Digital Transformation – Strategy or Buzzword?
Updated: Feb 23
By Claire McCartney, Principal Consultant
If a utility is to not only survive but thrive through all the potential disruptors of the power industry, their investment into a digital landscape must be accompanied by a key philosophy – reimagine the business process first, and then determine how to apply their technology. This strategy is what separates companies that simply purchase technology from those that develop a plan and holistic approach that emphasizes a balance between the staff, the deployment of new applications and business processes. At Bent Ear Solutions (BES), we have the privilege of working closely with a leading investor-owned utility (IOU) as they apply this strategy throughout multiple lines of business. To understand how this process leads to a digital transformation; here are three examples of how strategy and technology come together within this utility.
Emergency Response and Storm Restoration
Situational awareness is at the heart of utilities, and nowhere else is it more crucial than storm response. Modern geographic information systems (GIS) technology has vastly expanded the types of data that utilities can integrate, collect, analyze and visualize prior to and during an event. However, data gaps still exist, and communication breakdowns routinely happen during restorations. To address this, the utility made it a priority to become less siloed and share situational awareness tools to better support storm response. They now use damage assessment data supported by aerial imagery and leverage technology from their unmanned air systems group to improve upon speed and accuracy. Integrating this data, along with other dynamic data (weather, outage reports, mobile field application reports) within the company’s situational awareness platform enables decisionmakers to make more timely and accurate decisions to rapidly restore services. This digital transformation began by changing business processes to include new groups, new data, and mobile GIS-based field applications that provide comprehensive situational awareness. These new processes are being introduced, refined and codified through frequent training and exercise scenarios.
Asset Monitoring and Critical Threats
Outside of emergency response, utilities have a responsibility to know where assets are at all times and how day-to-day events might threaten facilities, employees, or critical infrastructure. Our IOU partner has invested in a multi-year program that centralizes asset locations, internal and external threats, hazard data feeds, and incident analysis and management. This program overhaul will transform the security branch into an advanced incident operations center, fundamentally changing the way they operate by streamlining business processes with Esri-based mapping and spatial analytics.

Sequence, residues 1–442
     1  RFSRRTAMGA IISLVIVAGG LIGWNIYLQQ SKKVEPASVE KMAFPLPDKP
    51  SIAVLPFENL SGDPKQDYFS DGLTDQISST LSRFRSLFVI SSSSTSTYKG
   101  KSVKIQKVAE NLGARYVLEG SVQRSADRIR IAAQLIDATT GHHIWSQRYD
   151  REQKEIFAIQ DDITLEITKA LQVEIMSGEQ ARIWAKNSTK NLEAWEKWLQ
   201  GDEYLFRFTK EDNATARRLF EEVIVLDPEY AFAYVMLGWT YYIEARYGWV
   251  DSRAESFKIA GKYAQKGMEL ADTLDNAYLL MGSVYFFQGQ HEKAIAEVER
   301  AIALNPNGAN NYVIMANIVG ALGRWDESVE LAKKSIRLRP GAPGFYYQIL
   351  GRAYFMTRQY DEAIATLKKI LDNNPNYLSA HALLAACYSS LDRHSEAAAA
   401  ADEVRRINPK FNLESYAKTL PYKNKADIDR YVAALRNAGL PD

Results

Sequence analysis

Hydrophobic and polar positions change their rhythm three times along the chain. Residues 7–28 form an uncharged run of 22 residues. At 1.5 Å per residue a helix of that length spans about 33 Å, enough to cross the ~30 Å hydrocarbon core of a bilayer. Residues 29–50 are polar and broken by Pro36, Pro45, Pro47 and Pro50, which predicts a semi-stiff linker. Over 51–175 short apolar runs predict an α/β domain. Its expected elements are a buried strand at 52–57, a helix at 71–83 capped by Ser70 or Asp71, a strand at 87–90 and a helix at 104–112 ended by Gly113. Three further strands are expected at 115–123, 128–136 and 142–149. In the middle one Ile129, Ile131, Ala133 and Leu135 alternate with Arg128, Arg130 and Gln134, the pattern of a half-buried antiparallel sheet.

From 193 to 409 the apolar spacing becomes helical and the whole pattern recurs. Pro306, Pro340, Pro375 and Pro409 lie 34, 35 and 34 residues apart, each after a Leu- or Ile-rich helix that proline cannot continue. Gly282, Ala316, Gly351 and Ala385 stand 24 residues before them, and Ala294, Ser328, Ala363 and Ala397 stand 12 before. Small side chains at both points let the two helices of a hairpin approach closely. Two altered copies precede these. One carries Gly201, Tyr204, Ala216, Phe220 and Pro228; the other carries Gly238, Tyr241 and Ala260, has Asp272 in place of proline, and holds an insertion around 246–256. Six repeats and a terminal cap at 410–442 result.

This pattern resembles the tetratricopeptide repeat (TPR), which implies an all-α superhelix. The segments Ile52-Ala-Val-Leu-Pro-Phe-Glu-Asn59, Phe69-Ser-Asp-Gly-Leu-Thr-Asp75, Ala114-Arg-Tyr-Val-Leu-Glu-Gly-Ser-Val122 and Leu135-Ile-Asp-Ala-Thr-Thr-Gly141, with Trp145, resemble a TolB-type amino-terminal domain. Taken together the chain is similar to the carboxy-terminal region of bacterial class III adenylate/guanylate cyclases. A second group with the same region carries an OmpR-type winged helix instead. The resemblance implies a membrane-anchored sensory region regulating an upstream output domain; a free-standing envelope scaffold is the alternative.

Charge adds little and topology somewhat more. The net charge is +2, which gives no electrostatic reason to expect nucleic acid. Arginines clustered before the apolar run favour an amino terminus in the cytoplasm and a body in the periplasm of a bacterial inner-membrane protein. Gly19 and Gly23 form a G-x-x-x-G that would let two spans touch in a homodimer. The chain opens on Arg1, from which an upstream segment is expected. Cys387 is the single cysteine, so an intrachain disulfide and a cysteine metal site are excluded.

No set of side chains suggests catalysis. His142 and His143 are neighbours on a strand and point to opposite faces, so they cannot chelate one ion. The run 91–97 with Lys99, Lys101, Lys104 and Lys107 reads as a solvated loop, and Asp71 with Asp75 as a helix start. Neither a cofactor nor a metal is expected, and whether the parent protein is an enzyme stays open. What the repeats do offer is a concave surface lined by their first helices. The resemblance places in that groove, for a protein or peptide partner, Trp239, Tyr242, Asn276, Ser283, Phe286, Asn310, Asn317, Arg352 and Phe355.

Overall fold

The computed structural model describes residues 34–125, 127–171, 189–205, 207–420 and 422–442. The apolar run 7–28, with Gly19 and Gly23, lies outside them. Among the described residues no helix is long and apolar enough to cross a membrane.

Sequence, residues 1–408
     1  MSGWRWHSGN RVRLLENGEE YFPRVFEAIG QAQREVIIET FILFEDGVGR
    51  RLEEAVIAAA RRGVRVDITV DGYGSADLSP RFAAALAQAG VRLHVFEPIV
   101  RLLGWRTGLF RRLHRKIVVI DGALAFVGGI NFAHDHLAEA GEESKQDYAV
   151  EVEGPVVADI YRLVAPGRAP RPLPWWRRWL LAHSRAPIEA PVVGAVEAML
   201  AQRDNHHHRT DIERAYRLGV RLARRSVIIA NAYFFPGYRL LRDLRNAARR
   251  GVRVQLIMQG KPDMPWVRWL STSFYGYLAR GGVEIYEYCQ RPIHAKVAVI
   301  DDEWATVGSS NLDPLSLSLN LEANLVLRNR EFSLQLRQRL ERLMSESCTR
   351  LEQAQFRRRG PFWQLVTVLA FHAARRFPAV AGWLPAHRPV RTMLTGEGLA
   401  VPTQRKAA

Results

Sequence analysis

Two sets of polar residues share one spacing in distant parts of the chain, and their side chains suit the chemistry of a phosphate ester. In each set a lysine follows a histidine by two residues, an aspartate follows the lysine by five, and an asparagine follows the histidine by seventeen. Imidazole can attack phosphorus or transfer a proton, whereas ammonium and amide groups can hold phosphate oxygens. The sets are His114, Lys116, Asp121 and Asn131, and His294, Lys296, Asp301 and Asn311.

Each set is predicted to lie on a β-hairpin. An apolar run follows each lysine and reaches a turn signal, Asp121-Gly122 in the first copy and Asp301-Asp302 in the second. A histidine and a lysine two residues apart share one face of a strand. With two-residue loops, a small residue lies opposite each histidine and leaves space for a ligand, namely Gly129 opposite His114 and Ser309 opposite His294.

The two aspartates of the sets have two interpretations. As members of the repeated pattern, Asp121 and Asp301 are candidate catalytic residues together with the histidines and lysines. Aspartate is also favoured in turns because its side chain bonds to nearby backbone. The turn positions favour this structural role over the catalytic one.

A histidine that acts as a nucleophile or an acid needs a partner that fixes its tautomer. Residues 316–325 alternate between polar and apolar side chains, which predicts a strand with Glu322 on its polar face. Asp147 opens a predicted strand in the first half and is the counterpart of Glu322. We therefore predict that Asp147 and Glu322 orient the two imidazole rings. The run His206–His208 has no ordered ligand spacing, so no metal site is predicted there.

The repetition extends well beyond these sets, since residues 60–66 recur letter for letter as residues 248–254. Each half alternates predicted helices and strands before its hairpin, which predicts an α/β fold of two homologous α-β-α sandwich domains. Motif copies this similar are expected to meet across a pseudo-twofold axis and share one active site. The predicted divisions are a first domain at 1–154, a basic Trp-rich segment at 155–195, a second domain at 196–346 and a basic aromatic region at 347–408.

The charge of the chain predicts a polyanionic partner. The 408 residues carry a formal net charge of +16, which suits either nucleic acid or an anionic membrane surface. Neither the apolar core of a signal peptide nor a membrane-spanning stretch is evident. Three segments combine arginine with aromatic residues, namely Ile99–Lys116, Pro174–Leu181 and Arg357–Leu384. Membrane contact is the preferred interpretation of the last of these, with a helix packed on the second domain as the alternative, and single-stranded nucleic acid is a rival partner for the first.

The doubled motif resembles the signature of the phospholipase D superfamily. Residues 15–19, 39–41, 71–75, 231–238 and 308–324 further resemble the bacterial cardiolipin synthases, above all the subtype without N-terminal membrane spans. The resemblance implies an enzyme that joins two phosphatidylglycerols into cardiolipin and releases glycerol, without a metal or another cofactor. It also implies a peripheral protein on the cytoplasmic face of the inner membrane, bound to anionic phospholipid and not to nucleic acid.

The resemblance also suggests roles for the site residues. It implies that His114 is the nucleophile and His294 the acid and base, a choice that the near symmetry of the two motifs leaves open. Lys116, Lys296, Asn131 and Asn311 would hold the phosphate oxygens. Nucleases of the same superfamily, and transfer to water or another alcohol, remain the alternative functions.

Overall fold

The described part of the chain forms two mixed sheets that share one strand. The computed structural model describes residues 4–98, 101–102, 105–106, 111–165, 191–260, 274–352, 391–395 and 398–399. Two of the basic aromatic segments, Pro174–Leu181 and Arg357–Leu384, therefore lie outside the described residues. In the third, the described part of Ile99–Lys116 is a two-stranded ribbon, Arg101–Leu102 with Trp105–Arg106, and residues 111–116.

Core Work Management
Utilities, like all critical service providers, must be prepared for any emergent incident or event, in addition to the work that drives their regular business. Grid transformation, maintenance, and new lines of business keep thousands of employees and contract personnel in the field every day. Even as smart meters and broadband fibers are placed, the methods for tracking work often falls out of the realm of ‘digital’ all together, with productivity, safety, and awareness at risk. The utility is tackling this issue on two fronts. First, they are implementing a new application that allows regional offices to manage and view real-time work. Second, they are extending the same process to contracting resources. To avoid purchasing new technology, BES helped by configuring applications from technology the utility already owns to accomplish these important requirements. It is not always understood how technology, like Esri’s ArcGIS platform can be configured and expanded to meet unique requirements. This approach allows for flexibility and growth and ensures that as processes change, the technology can be extended and adapted to support growing or changing program needs.
Regardless of the opportunities that digital technology provides, the transformation will only occur when utilities engage their workforce to understand and “embrace” the need to become safer, more efficient, and reliable by leveraging their data assets and how they use technology to support their mission. When effectively deployed and supported, all lines of business from distribution to asset management, and emergency restoration, benefit by having the access to the data they need, when they need it to support their mission. BES specializes in helping organizations establish business processes and optimize the technology they already own to enable comprehensive situational awareness and access to the data they need for accurate and timely decision support.
Claire McCartney is a Principal Consultant at Bent Ear Solutions, responsible for managing digital transformation efforts for multiple electric utility clients, ranging from generation to transmission and distribution, as well as Critical Infrastructure Protection (CIP). Claire earned a Bachelor’s degree in Biology and Environmental Sustainability and Certificate in Geographic Information Systems from University of Mary Washington.